During the last hundred years or so, fairies have become intimately associated with flowers. What I want to do in this post is to consider the evidence for such links in traditional folklore beliefs and to discuss how the idea has arisen that fairies are ‘nature spirits’ or ‘guardians of nature’ and have a particular mission to supervise the growth of flowers and other plants, in which work they may resemble bees or ants and are certainly of diminutive dimensions.
Without doubt, one link in the chain connecting fairies to flora is literary. Shakespeare perhaps initiated the trend with a the fairies in Midsummer Night’s Dream. One is required to “hang a pearl in every cowslip’s ear” (II, 1). Of course, we have fairy Peaseblossom in the same play (III, 1) and Oberon’s well-known directions to help Puck find Titania:
“I know a bank where the wild thyme blows,
Where oxlips and the nodding violet grows,
Quite over-canopied with luscious woodbine,
With sweet musk-roses and with eglantine:
There sleeps Titania sometime of the night,
Lull’d in these flowers with dances and delight…” (Act II, 1)
In The Tempest Ariel, who sings “Where the bee sucks., there suck I” The floral motifs are prominent, indicating a closeness to nature generally and the evidence of small statute is also present. Robert Herrick and Michael Drayton took the matter of scale to extremes, though for reasons of pure fancy: I don’t believe that they sought to reflect any genuine traditions known to them. British fairies are of a range of sizes, often adult height, quite often the size of children, much more rarely very small (the medieval English ‘portunes’ of just half an inch in height are an exception).
Richard Dadd, ‘Titania sleeping,’ 1841, The Louvre
Herrick imagined a fairy loaf of bread as “A moon-parch’t grain of wheat” washed down with “A pure seed-pearle of infant dew/ Brought and besweetened in a blew/ And pregnant violet” (Oberon’s feast). Drayton likewise envisaged a fairy palace “The walls of spiders’ legs are made … The windows of the eyes of cats” (Nymphidia). The conceit of miniature fairies was sustained into the next century by other poets. For example, in The flower and the leaf John Dryden imagined that a faint track “look’d as lightly press’d, by fairy feet” and William King, like Herrick, surveyed a fairy supper:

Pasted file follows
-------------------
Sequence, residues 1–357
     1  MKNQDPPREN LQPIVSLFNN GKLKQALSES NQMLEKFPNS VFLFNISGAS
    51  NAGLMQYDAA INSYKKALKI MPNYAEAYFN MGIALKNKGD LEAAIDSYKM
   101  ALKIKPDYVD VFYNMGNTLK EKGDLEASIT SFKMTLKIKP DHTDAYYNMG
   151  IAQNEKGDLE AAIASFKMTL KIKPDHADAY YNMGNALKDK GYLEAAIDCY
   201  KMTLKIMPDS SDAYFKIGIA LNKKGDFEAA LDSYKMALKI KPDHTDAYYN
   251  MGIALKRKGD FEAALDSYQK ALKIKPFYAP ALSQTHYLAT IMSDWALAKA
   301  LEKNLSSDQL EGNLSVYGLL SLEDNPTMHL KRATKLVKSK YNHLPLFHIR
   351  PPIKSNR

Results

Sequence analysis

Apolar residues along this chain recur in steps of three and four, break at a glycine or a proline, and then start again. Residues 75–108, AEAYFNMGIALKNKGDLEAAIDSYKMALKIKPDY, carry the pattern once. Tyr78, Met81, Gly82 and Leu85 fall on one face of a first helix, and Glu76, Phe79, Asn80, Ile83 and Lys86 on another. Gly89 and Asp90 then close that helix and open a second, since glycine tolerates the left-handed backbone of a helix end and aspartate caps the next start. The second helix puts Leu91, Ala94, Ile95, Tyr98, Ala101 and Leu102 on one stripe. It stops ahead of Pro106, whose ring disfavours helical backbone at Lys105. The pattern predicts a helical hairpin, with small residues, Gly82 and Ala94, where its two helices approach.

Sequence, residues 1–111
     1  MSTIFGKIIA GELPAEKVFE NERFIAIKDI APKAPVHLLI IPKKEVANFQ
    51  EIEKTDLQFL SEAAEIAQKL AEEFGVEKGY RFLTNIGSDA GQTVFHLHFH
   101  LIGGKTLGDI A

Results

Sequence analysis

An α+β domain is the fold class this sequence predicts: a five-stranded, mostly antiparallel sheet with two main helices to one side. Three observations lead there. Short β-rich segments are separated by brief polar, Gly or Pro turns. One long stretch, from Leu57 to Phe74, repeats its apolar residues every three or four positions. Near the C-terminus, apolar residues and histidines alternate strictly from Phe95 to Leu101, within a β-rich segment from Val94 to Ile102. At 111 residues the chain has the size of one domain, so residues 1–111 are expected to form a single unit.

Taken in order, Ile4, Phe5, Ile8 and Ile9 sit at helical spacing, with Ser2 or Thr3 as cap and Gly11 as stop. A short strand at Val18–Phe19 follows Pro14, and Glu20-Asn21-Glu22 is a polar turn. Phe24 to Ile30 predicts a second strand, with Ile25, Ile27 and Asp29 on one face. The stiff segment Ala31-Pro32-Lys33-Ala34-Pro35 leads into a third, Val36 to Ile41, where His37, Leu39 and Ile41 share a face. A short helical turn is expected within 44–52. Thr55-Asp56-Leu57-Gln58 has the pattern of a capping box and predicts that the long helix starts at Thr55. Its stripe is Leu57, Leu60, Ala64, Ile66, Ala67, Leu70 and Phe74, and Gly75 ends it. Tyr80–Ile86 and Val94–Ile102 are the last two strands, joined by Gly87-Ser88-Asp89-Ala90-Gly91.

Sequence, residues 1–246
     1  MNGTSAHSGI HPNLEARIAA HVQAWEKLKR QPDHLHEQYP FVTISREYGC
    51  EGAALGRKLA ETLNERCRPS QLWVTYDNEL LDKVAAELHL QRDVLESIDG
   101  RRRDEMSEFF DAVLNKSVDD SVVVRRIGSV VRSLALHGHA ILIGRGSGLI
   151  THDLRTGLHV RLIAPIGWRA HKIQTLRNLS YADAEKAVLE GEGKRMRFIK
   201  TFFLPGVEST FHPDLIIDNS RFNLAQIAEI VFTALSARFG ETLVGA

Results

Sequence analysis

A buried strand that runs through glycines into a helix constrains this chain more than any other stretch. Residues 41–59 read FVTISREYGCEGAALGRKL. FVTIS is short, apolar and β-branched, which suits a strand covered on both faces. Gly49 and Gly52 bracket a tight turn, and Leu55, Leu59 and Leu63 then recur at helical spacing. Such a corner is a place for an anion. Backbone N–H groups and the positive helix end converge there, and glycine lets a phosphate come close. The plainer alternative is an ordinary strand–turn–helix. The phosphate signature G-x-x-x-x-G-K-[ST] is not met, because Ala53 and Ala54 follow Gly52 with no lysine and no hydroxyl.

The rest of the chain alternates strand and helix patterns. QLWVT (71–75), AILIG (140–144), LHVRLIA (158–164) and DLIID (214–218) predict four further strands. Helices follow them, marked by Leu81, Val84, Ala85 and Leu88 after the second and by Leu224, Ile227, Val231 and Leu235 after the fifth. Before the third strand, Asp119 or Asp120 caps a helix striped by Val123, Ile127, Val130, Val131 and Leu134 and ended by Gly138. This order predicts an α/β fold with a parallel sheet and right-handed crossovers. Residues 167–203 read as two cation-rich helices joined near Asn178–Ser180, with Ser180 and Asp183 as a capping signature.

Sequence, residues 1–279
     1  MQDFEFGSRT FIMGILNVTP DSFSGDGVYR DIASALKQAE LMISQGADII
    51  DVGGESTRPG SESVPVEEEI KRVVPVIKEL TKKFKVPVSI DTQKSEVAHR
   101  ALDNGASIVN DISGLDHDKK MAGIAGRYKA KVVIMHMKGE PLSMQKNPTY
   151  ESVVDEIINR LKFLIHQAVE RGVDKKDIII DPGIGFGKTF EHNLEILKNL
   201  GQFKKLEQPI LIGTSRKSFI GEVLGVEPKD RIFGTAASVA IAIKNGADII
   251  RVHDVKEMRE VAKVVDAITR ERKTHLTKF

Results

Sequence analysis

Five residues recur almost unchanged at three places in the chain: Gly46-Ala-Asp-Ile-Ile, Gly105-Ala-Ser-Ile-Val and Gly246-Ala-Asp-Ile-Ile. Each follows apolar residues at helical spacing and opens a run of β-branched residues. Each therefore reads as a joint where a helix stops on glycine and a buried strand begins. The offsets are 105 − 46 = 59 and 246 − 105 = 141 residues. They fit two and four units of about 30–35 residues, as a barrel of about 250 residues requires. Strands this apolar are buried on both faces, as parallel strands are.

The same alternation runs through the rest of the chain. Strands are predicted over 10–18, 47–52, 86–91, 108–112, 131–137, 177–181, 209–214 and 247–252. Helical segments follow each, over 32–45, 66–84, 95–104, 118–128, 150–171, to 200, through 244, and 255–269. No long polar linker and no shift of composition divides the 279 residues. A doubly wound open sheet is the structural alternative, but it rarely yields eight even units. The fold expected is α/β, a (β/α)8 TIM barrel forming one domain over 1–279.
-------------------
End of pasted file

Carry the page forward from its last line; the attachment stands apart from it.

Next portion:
“What may they be, fish, flesh of fruit?/ I never saw things so minute./ Sir, a roasted ant is nicely done,/ By one small atom of the sun./ These are flies’ eggs in moonshine poach’d/ This a flea’s thigh, in collops scotched.” (Orpheus and Eurydice)
Increasingly, then, the convention prevailed that fairies were minuscule, but neither in literature nor in folk tales was there any deep attachment to plant life. As described when discussing fairy clothes, fairies most often were attired in green, which may well be symbolic of growth, but there is still scant suggestion of any special purpose as ministers of Mother Nature. There are quite a few indications of fairies inhabiting trees. There is the Old Lady of the Elder Tree whom I have mentioned in discussing my book The Elder Queen; from the Outer Hebrides comes a story of a fairy maiden who inhabits a tree on a knoll, once a year appearing to dispense ‘the milk of wisdom’ to local women (L. Spence, British fairy origins pp.101 & 186); also from the Highlands and Western Isles we hear a report of ‘tree spirits’, green elves who are often seen in woodland (Spence p.100). This is about as good as it gets in British tradition. Lewis Spence in chapter VI of British fairy origins examined the theory that fairies derived from ‘elementary spirits’ and summed up “all nature spirits are not the same as fairies; nor are all fairies nature spirits.” (p.110) He further stated that “it is a notable thing that in Great Britain and Ireland the nature spirit remains to us in vestigial form only. To make a list of British nature spirits as known in our islands today is very … difficult… I can think of no genuinely English earth or tree spirits.” (p.113) He blames homogenisation into “the common hill-fairy, the standard elf of folk-lore.” (p.114) On the matter of flowers, s I have described before, there are flowers that are believed particularly to repel or to attract fairies, but the surviving stories do not conceive of fairies living within or overseeing the growth of any flowers.
How then do we explain the rapid ascendancy of the flower fairy? I think that occult science and mystical philosophy are the source; flower fairies are a product of the thought of Paracelsus and Pseudo-Dionysus. They are nature spirits, part of a ‘celestial hierarchy,’ and are derived from a system of thought very different to native custom. I shall examine this theme further in due course.